The sound of the Simplex is extremely “analogue” and it flows along effortlessly in a most un-digital fashion. The backgrounds are as dark and vacant as I remember from the Amadeus, and while there’s a pronounced sense of delicacy and openness through the midrange and treble, there’s also a lot of weight as well as big-time impact in the bottom end without it being at all slow.
An unlikely but delicious combination? Too right.
That Dynavector cartridge of mine had previously been mounted on a modified Technics 1210 fitted with a Rega RB300 arm. I’d always been aware of an edge to the highs but in the Simplex, I found the treble to be absolutely sparkling and well extended without trace of a bite. Detail levels are massively high for what is basically an entry level low output MC cartridge, with once almost unheard parts of the mix becoming more apparent. This isn’t artificially etched resolution that quickly becomes tiresome, and there’s nothing harsh in any element of the sound, which makes for fun sessions over many hours.
Listening to “Danza” from Sky’s eponymous album showed that the Simplex can extract a major amount of information from any recordings it’s presented with. Even at low volumes, the multiple guitars had a discernable bite to their leading edges and were located in a dead quiet background. Tracy Chapman’s first album is one of my favourites, and the combination of energy and enhanced textural detail coming from the Simplex was just amazing. The atmospherics and air around instruments is always impressive and the soundstage seems to deepen backwards and extend into the room as the recording dictates.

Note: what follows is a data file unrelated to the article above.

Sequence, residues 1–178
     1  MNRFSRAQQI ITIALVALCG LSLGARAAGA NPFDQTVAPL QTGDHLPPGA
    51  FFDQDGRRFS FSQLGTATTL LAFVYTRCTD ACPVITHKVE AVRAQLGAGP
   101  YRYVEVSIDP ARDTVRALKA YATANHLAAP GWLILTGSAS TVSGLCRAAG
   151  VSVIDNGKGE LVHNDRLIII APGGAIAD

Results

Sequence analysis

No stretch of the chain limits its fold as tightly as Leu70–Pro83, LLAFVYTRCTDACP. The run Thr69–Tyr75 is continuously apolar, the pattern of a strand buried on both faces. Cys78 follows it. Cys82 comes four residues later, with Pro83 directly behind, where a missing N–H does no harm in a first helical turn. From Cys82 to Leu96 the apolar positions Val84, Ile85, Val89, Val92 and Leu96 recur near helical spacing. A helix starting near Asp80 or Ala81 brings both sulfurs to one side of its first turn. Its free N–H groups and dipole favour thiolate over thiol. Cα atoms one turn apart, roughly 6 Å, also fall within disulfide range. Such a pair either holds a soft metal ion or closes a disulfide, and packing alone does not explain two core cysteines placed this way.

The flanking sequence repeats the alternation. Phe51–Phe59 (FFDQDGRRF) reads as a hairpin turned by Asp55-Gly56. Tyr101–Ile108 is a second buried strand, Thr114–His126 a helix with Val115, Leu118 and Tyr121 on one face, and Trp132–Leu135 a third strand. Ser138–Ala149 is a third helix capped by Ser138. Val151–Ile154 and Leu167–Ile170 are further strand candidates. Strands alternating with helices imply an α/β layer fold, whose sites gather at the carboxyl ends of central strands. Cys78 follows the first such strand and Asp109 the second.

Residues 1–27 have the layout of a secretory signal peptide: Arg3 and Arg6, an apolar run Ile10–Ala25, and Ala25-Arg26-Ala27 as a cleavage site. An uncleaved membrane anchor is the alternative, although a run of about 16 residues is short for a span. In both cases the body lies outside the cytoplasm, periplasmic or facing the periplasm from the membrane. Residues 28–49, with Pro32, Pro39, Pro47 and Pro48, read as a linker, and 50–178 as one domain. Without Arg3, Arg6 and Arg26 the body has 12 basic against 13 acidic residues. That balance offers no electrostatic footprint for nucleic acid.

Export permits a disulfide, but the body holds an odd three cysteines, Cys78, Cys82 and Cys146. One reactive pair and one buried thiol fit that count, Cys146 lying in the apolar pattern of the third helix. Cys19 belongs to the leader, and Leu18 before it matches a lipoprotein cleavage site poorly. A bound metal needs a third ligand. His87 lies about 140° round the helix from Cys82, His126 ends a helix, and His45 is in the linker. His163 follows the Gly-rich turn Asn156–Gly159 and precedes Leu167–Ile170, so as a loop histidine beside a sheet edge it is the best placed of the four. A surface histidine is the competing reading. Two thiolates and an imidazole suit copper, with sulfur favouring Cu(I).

Whatever I played, from Stevie Ray Vaughan to Frank Sinatra by way of Alison Moyet and John Mellencamp, or Robert Cray following Harry Belafonte, the Simplex drew me in every time and made it impossible to tune the music out – the detail, the rollicking rhythm and musicality combine with the openness and spaciousness to create a level of enjoyment that doesn’t quite seem feasible at the price.
The one area where the Simplex can’t quite match my current Technics rig is in outright bass speed, but it’s not far off. Not far off at all. The direct drive Technics starts and stops bass notes like it’s connected directly to the magnetic forces of the earth, but the Simplex is sensational and manages to delve deeper into the lower frequencies than the Technics/Rega combination. My room was filled with huge bass but the hardest ZZ Top drum shots from Afterburner rang out as clear and sharp as fireworks, while the heavy bass lines from Wild Beasts’ Two Dancers were powerful and absolutely addictive.
Rhythm and timing as good as this is rare at the price, not to mention the killer dynamics thanks to the speed of attack on transients. This deck has enough drive to get me off my butt and into an air guitar and air drumming frenzy, and that is saying something.
If you want to hear what your turntable is actually doing, listen to it through a set of good headphones, which will highlight any imperfections like a military spotlight. Even under these demanding conditions; the Simplex was on form, sounding smooth, crisp and relentlessly detailed with low levels of surface noise and analogue pops and crackles that were barely worth acknowledging.